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Jordan defiant after repeated GOP rejections in House speaker voting


(WASHINGTON) — After Wednesday’s failed speaker vote, Rep. Jim Jordan remained defiant, and insisted he still had a path to win the speaker’s gavel even after losing more votes than the day before.

“We’re gonna keep talking to members. Speaker McCarthy had like a two-month runway from when he was nominated until he became speaker,” he told ABC Senior Congressional Correspondent Rachel Scott. “We’re at 200 votes, we got a cross section of the conference who is supporting us, so we’ll continue to talk and listen to our colleagues.”

Jordan, R-Ohio, answered “nope” when asked if he had considered dropping out and argued that he’s still best positioned to bring Republicans together.

Leaving the Capitol, Speaker pro tempore Patrick McHenry told reporters that Jordan will have “as long as he needs” to wrangle votes and that Republicans will meet Thursday and could vote again.

“It’s my duty to keep electing a speaker,” he said. “My effort is focused on getting Jim Jordan the speakership.”

But Jordan’s critics were just as dug in, despite the potential for political — and even personal — blowback for opposing Jordan and leaving the party in limbo.

“This is a united front, an organic movement that is now growing, that has collectively decided that he is not the best choice for speaker of the House,” Rep. Steve Womack, R-Ark., told ABC’s Scott, suggesting that even more Republicans oppose Jordan but are “holding their noses because they fear the backlash.”

“They all have their reasons. And I have mine,” he said. “I hope people will at least give us the courtesy of respecting our position. Disagree with us, be mad with us, vote against us. Do what you’ve got to do. But understand, we all took an oath to the Constitution, we’re trying to do our very best.”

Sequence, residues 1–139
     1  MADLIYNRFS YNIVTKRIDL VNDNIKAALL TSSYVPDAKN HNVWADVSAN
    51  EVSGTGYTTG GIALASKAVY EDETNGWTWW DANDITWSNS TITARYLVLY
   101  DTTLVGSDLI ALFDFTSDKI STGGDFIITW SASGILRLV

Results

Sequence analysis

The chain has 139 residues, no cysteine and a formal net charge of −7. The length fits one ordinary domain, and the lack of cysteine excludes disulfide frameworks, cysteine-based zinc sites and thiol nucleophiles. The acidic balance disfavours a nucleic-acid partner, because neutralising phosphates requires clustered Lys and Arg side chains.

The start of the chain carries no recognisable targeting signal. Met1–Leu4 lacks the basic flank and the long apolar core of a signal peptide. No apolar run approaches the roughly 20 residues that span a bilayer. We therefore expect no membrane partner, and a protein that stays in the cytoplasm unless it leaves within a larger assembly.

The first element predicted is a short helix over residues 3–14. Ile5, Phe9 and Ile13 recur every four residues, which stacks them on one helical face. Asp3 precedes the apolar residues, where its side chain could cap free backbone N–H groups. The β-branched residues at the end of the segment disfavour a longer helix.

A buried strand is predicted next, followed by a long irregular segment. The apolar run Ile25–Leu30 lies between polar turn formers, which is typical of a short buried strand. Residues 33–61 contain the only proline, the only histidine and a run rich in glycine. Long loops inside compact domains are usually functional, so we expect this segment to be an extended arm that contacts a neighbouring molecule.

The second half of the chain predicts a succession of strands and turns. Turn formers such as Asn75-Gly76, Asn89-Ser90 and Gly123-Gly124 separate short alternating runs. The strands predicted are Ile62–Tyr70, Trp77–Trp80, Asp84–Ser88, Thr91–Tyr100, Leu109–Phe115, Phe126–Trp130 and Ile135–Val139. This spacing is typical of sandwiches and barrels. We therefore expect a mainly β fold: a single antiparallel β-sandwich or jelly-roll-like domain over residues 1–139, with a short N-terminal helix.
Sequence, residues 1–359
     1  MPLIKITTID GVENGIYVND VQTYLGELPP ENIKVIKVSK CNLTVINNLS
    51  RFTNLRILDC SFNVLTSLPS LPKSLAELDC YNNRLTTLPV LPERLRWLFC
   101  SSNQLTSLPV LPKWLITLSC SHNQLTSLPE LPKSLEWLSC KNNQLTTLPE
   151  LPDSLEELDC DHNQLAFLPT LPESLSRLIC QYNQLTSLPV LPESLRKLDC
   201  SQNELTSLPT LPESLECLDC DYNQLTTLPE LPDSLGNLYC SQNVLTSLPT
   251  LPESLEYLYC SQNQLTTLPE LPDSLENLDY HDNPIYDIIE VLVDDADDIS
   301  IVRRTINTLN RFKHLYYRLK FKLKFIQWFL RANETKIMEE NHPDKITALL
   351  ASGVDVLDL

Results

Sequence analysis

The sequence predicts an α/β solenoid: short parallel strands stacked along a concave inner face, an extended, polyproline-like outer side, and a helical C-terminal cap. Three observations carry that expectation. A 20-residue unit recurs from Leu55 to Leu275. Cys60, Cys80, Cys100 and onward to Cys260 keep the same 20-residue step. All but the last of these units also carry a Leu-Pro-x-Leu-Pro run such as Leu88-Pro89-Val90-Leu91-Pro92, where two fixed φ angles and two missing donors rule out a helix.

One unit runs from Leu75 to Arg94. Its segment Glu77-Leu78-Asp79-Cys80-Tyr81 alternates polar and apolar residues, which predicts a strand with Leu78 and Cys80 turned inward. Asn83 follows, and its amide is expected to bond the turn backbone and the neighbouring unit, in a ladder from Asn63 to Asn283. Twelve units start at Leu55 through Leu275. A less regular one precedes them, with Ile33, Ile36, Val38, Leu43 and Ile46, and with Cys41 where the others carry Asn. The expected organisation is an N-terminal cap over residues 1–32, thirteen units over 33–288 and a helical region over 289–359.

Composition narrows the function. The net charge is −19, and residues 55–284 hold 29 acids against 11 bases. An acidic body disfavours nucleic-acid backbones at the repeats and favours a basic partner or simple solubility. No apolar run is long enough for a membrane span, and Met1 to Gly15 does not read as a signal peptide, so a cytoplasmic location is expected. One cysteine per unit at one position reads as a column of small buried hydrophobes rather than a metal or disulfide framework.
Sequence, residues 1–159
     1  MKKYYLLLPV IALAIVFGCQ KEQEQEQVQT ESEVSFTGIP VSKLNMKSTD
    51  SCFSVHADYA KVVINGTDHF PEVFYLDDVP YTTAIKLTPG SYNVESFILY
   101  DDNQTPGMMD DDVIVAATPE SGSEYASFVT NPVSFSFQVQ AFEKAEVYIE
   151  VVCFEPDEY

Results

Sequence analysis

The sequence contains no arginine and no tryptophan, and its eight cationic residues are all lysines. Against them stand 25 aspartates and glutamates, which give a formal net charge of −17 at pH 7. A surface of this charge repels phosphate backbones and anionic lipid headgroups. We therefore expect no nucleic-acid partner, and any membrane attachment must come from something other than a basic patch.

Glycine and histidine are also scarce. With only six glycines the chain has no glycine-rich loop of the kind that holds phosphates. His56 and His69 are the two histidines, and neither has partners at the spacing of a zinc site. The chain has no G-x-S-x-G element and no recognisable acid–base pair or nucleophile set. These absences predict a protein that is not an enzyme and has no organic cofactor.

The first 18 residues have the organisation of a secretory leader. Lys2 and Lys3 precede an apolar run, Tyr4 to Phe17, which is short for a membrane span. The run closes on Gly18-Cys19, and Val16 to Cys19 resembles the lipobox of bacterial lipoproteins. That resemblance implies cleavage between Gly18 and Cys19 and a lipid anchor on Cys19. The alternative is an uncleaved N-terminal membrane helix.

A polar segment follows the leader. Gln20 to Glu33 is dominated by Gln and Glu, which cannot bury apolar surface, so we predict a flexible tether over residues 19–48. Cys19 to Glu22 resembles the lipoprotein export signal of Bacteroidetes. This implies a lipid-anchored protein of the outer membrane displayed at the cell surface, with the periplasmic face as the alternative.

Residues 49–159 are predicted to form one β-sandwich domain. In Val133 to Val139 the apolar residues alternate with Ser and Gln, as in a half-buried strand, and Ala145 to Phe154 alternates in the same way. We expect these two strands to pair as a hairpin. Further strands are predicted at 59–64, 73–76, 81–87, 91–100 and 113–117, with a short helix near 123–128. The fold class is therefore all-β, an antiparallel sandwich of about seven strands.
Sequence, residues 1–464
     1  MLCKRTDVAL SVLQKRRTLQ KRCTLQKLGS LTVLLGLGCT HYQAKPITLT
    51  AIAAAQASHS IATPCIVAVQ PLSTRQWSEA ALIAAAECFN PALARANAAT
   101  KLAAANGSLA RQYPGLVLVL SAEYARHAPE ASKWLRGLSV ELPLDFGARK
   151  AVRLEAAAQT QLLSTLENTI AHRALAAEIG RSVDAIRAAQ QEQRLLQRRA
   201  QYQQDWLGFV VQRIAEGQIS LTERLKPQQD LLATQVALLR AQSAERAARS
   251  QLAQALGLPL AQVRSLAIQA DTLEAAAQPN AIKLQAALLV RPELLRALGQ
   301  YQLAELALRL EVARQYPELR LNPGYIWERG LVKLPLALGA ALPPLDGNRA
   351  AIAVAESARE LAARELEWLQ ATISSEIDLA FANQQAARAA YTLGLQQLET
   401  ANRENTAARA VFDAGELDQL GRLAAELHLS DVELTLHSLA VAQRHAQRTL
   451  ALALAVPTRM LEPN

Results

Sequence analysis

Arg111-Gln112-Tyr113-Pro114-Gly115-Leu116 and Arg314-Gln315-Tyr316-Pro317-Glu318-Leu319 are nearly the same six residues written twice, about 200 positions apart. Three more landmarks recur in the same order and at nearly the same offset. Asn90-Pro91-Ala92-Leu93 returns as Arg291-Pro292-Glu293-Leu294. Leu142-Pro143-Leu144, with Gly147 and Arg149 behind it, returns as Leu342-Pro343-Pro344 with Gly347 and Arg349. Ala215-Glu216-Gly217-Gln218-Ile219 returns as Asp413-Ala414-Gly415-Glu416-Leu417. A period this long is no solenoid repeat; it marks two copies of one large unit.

Rep. Don Bacon, R-Neb., reiterated his opposition to Jordan, and said he and his family have received threats and been harassed as a result of the pressure campaign Jordan’s allies have waged across conservative media.

“My wife has been getting anonymous texts and phone calls to compel her to get me to change my vote, which is wrong … trying to bully my wife is wrong,” Bacon said.

Other potential candidates are waiting in the wings, including Reps. Tom Emmer, Mike Johnson, Kevin Hern and Jack Bergman of Michigan, a retired Marine Corps lieutenant general.

An aide to Bergman said he was “approached” by colleagues about a speaker run given Jordan’s “narrowing” path and would step in to “steady” the House “in a time of chaos” for the remainder of the 118th Congress.

But it’s not clear that any of them can get to 217 votes on the floor. And they aren’t likely to announce any bids until Jordan exhausts his options.

The impasse is also leading to more talk around temporarily empowering McHenry, the temporary speaker to take up spending legislation to fund aid for Israel and Ukraine and avoid a government shutdown.

But the North Carolina Republican argues that his role is limited. His allies push back on the suggestion that they would vote with Democrats on any sort of power sharing agreement with concessions, which is what Democratic leaders have said is their price for any cooperation.

“The goal here is to elect a Republican speaker because we have a Republican majority, and that’s what we’re trying to achieve … my role here is to be determined but I’ve constructed that as narrowly as the rules say I should and we can’t transact a speaker, so that’s what I’m going to see to it,” McHenry said.

If the caretaker speaker is opposed to temporarily expanding his powers to get the House working again — and there’s no clear choice that can win the votes for speaker — where does that leave Congress?

Rep. Mike Gallagher, R-Wis., told reporters that he’d be wary of setting a new “precedent” by empowering a temporary speaker, and that it would only kick the can down the road on the speaker fight.

“The better solution would be, if the McHenry is the guy, then let’s just nominate McHenry as the guy [speaker]” through the end of Congress, he said.

“We’re like members of a fire department. We’re getting all these alarms all over the city. And instead of hopping in the truck and putting them out – Israel, Taiwan, the southern border, Ukraine – we’re fighting over who is going to ride shotgun,” Gallagher said.

“It’s great to have disagreements out in the open, but there comes a point where the disagreement turns into dysfunction and paralysis and I fear we’re getting to that point,” he said.

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